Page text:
I've written scores of speeches, and coached the speakers on giving them effectively... here's what I know:
1. For a short speech where you know the information by heart, it's usually best to write down what you intend to say and rehearse that a few times -- but then don't use the written speech. Instead, put just the key phrases in order on index cards and use those to remind you of the points you want to talk about, and to help you keep your place as you talk.
2. Don't feel compelled to fill every moment with words. Take your time, speak in paced phrases, and pause after making a point to let the audience absorb that information. A speech is not radio -- "dead air" is okay.
3. Someone said to smile, and that's SO important -- if you look grim and tense, the audience will not be as receptive to what you have to say.
4. This is my favorite tip: Imagine that you aren't speaking to a crowd at all, but to just one person -- someone who doesn't know anything about your subject, someone you're trying to persuade to CARE about it as deeply as you do. Speak to this person warmly, from your heart, just as you would if he was right in front of you.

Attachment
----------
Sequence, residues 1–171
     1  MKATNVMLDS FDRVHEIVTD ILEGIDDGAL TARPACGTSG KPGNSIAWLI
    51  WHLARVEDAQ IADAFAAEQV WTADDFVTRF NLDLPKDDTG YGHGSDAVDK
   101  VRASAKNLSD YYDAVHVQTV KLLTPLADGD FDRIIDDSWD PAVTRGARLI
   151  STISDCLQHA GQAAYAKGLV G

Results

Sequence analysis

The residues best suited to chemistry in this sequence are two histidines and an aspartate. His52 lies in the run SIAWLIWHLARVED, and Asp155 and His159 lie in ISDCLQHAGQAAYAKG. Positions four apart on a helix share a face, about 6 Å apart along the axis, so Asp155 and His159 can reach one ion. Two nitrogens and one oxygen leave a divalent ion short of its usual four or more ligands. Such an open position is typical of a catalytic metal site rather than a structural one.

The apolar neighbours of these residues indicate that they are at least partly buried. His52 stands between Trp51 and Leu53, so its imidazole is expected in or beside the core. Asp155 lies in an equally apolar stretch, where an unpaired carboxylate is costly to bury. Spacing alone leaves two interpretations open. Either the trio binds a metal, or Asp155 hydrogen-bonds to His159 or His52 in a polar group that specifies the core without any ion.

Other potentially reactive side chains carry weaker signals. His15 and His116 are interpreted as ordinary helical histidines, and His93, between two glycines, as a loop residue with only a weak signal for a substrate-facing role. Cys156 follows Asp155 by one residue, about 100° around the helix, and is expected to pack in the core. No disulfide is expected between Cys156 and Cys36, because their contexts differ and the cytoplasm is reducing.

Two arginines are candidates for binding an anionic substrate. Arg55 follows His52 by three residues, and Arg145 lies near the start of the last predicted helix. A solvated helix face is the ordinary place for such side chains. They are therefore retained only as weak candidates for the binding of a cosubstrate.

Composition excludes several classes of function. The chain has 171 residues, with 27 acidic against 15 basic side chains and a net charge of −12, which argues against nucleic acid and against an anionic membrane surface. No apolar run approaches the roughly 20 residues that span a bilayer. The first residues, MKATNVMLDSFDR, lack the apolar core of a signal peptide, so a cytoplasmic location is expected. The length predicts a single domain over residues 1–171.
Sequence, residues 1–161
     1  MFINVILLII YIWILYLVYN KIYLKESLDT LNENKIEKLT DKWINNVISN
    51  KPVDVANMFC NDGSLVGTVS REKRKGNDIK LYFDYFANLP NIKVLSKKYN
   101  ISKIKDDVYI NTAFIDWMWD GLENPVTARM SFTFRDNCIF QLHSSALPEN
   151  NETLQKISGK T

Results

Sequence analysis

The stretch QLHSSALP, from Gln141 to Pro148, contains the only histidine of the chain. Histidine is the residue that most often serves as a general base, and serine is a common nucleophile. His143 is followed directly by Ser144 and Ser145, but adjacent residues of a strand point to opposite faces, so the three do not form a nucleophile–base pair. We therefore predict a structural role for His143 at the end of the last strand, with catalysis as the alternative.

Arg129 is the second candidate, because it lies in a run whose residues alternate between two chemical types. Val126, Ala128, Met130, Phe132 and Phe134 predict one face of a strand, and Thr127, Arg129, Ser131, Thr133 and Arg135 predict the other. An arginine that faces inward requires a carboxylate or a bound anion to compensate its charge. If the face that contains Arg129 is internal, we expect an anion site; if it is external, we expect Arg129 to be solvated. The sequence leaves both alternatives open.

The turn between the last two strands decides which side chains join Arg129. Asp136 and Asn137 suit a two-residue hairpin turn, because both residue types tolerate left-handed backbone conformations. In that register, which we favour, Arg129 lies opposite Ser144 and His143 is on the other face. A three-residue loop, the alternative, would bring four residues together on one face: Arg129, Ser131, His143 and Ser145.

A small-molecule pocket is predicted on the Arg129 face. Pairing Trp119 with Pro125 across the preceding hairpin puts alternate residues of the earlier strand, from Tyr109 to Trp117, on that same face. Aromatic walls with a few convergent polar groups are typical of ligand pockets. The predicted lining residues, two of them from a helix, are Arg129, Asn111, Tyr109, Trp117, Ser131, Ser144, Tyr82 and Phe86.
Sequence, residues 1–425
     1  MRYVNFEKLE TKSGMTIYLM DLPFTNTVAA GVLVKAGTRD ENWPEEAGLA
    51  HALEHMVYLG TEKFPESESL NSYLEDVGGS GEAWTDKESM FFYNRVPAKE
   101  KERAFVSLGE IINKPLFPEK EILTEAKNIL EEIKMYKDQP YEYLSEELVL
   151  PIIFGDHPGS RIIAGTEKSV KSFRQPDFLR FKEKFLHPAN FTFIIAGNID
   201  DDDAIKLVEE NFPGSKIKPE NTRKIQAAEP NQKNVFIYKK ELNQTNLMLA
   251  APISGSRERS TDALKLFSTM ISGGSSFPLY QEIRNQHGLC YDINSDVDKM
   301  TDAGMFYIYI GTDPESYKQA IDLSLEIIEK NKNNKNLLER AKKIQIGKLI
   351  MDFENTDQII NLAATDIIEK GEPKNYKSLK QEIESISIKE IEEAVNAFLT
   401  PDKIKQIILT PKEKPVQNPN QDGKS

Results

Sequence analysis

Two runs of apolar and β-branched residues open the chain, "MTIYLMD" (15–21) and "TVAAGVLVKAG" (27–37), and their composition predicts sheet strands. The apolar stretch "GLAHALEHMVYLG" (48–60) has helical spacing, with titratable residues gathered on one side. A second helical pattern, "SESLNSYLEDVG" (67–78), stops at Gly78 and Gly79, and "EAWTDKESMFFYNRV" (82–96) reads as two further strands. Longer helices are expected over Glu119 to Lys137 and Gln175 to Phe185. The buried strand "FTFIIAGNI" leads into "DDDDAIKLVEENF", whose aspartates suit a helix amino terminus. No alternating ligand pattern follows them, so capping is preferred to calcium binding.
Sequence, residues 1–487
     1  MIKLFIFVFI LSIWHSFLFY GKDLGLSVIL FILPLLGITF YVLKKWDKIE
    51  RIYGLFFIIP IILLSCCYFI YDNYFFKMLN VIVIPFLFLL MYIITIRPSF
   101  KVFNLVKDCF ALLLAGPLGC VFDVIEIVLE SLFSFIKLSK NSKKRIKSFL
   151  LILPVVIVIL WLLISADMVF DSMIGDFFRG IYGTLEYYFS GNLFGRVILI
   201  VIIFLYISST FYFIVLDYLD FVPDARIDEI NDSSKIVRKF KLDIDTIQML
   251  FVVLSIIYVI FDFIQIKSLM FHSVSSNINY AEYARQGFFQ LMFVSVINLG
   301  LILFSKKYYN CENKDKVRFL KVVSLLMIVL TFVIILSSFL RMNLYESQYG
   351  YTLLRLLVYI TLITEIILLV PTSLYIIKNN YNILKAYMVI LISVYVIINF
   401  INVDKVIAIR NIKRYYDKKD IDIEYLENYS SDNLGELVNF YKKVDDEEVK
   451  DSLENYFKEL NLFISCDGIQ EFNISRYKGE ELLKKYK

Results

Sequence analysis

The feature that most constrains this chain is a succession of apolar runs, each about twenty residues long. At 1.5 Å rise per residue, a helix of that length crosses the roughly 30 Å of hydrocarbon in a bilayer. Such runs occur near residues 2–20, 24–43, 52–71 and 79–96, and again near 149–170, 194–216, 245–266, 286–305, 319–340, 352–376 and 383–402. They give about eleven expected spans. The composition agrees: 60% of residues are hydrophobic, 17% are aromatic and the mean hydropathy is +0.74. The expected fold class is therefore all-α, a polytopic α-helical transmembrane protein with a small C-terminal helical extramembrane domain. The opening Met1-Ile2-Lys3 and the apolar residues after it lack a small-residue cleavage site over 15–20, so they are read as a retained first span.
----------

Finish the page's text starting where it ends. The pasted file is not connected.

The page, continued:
5. Some coaches recommend eye contact with your audience -- personally, I can't handle that, and neither could many of the people I've written speeches for. Instead, I have them look at foreheads. :-) From the audience, it'll look like you're making eye contact, but you won't be as distracted as if you actually were.
I hope this helps! Good luck!